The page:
South Coast Today
Wednesday, February 26, 2014
By Steven Smith and David Weed
Guest View: Complete streets create more complete communities
In its version of the Transportation Bond Bill, the Massachusetts House of Representatives took a significant step forward to improve communities across the commonwealth by including the Active Streets Certification Program thanks to the leadership of New Bedford state Rep. Antonio Cabral in his role as chairman of the House Committee on Bonding, and Rep. Jason Lewis as the original filer of the bill. If passed in the final version of the bond bill, this program will help cities like Fall River and New Bedford build and improve streets that will promote walking, biking and public transportation options that will have a significant positive impact on people’s health and the economy in every community.
Historically, we have designed for the car first, pedestrians second and maybe some thought — if any — to bicycles. Today, there is a growing movement toward improving the streets in our communities to provide alternatives to the car. It is called “Complete Streets.” Complete Streets are streets that work for everyone by balancing a variety of transportation options. They are designed and operated to enable safe access for all users, including pedestrians, bicyclists, public transit riders and cars.
Complete Streets bring myriad benefits to all communities whether urban, suburban or rural, and they help make people and economies healthier. When sidewalks and bike lanes are improved and made an integral part of the streetscape, pedestrians and bicyclists are safer and more likely to walk and bike when they go to work, shopping and school. And, when public transit options are better integrated into these complete streets, people can get to their bus or train station easier by safely incorporating walking and biking into their commute.
The burden of incomplete streets is particularly high in low-income communities and communities of color, where the car ownership rate is much lower than average. Unsafe streets and lack of transportation options in these communities lead to higher pedestrian fatality rates, higher transportation costs, poor air quality, and barriers to opportunity that stand in the way of health, education and prosperity for too many Massachusetts residents.
By creating safer and better sidewalks, bike paths and connections to public transit, we can encourage more people to choose “active transportation” like walking and biking that leads to healthier living. Providing more transportation options reduces reliance on cars, which in turn makes our roads safer from pedestrian accidents while reducing pollution. Creating complete streets in our communities also provides safer and improved mobility for seniors and people with disabilities.
Better design encourages people to walk and bike through their communities, where they are more likely to focus on, and drop in to, local shops and restaurants and spend their money in town rather than somewhere else. This, in turn, draws more businesses that provide vitality and revenue to the community. Cities and towns that have more walkable streets are also able to draw in more visitors to their retail areas, as well as boost property values as prospective home buyers look for a community that is both attractive and supports a better quality of life.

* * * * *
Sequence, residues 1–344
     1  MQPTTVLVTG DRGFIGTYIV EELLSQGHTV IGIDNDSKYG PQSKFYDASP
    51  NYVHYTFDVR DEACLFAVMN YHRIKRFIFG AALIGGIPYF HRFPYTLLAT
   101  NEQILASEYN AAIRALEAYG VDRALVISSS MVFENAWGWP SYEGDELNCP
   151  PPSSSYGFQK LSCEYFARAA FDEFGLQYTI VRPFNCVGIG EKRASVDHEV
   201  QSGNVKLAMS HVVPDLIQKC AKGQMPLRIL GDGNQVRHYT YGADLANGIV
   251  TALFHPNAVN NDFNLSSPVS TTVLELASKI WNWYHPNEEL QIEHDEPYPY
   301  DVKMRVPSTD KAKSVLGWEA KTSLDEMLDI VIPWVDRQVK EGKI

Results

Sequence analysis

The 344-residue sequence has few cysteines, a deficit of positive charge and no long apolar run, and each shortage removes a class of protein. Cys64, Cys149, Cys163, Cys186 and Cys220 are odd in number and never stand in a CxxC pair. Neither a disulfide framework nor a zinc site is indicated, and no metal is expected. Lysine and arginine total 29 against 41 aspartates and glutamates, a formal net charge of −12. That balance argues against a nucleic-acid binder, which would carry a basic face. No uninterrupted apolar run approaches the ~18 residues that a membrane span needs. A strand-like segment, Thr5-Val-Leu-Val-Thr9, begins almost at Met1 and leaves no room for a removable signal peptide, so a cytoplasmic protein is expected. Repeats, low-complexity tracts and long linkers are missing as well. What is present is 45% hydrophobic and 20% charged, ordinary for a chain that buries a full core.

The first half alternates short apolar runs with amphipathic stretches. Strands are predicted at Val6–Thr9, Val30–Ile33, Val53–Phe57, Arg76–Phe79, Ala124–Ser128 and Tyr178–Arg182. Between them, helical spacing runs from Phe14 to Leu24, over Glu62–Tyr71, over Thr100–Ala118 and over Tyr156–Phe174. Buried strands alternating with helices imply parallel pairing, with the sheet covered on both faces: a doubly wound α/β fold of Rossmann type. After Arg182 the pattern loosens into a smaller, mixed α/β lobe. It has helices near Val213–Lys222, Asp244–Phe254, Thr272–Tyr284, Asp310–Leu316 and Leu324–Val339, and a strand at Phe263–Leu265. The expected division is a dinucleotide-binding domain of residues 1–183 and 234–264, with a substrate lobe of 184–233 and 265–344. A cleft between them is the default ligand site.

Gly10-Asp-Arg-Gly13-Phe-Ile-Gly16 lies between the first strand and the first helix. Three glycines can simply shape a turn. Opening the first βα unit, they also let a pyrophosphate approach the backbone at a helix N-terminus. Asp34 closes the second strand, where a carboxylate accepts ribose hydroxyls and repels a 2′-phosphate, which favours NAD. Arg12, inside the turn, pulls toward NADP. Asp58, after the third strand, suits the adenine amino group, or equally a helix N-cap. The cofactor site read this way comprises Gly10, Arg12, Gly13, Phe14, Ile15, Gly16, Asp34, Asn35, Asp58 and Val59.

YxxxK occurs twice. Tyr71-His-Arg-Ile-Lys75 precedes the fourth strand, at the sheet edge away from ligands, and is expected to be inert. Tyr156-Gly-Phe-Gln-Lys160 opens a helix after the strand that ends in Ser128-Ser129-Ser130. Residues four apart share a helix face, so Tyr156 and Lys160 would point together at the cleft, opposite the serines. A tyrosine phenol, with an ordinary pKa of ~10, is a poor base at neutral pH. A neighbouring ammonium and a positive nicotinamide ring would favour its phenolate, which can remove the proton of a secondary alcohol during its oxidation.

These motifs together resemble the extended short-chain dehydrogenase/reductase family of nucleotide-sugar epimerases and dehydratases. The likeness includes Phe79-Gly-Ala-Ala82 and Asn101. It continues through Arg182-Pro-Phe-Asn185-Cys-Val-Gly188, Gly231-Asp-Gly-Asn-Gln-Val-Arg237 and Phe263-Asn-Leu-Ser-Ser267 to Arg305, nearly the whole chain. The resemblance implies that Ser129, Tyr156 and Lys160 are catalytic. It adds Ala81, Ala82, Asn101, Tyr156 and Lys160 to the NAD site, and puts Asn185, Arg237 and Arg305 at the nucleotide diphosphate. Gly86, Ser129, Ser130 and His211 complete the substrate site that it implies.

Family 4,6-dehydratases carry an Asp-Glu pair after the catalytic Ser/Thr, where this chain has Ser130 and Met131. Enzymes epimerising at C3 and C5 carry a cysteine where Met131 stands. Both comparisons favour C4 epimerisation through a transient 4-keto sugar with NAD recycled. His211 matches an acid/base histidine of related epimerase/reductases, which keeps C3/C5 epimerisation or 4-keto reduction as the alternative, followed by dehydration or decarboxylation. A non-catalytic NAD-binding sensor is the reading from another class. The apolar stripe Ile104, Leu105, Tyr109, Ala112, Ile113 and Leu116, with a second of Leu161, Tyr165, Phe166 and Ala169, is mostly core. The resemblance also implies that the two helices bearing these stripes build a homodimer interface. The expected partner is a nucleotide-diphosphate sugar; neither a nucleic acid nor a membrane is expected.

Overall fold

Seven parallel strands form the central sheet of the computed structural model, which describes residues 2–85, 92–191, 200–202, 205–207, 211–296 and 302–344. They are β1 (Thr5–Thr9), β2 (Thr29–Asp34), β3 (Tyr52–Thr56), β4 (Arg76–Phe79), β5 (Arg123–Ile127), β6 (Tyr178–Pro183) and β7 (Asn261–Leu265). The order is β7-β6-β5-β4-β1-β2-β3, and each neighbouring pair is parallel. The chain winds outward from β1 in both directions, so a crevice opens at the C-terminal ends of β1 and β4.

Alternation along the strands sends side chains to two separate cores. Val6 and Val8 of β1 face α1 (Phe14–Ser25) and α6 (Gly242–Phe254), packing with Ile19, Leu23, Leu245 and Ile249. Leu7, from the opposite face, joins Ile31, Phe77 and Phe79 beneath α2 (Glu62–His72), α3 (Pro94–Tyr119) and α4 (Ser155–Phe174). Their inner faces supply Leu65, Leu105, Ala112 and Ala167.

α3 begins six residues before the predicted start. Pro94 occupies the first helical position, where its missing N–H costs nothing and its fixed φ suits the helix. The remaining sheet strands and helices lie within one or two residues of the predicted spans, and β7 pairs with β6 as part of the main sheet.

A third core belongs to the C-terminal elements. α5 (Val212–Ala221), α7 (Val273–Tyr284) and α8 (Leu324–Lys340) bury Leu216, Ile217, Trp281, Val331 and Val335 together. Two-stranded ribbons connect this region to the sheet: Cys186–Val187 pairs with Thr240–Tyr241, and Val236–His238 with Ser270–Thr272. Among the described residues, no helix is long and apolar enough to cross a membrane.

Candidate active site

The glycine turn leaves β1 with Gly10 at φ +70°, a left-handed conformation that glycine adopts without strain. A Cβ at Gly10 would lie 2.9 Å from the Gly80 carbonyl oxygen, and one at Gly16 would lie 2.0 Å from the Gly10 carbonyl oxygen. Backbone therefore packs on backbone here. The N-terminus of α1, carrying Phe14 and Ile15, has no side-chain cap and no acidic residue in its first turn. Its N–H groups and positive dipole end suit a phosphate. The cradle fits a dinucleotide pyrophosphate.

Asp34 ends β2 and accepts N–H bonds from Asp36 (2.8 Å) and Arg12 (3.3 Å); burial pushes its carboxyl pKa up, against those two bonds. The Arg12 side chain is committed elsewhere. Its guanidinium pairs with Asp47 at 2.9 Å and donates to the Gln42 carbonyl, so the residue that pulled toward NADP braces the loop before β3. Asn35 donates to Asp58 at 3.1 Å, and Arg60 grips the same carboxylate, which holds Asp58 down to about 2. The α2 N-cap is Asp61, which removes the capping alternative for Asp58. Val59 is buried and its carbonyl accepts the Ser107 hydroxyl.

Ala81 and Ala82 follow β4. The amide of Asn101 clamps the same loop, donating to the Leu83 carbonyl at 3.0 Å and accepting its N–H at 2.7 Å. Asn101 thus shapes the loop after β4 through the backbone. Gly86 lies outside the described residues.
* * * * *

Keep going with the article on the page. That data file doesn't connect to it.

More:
The $50 million Active Streets Certification Program currently in the House version of the transportation bond bill would encourage cities and towns across the commonwealth to implement Complete Streets policies by creating a small grant program. Communities would become eligible after passing a Complete Streets bylaw or ordinance in addition to taking several other actions.
Last November, more than two dozen mayors, town managers and other municipal leaders from urban, suburban and rural areas called on legislators to include this incentive program in the Transportation Bond Bill.
People and communities are realizing that there are more ways to move around than simply getting in the car. Younger professionals want to use public transit and bike or walk as part of their commute. Parents want their kids to walk to school to be healthier and have more time away from screens. Seniors want to walk safely and easily to their corner store, friends’ or house of worship. And, businesses want people to notice them and stop in.
All of these activities can be achieved by making the streets that run through our cities and towns Complete Streets. The Senate now has the opportunity to help communities make major improvements that will benefit all residents and businesses by including the Active Streets Certification Program into the final version of the transportation bill.
The Massachusetts Public Health Association, Transportation for Massachusetts, the Metropolitan Area Planning Council and many other groups worked with the House to include this program and now we ask that the Senate pass it as well. Complete Streets create complete communities for everybody.
See updates on the Bill and Complete Streets Certification Program here.
Read the original article here.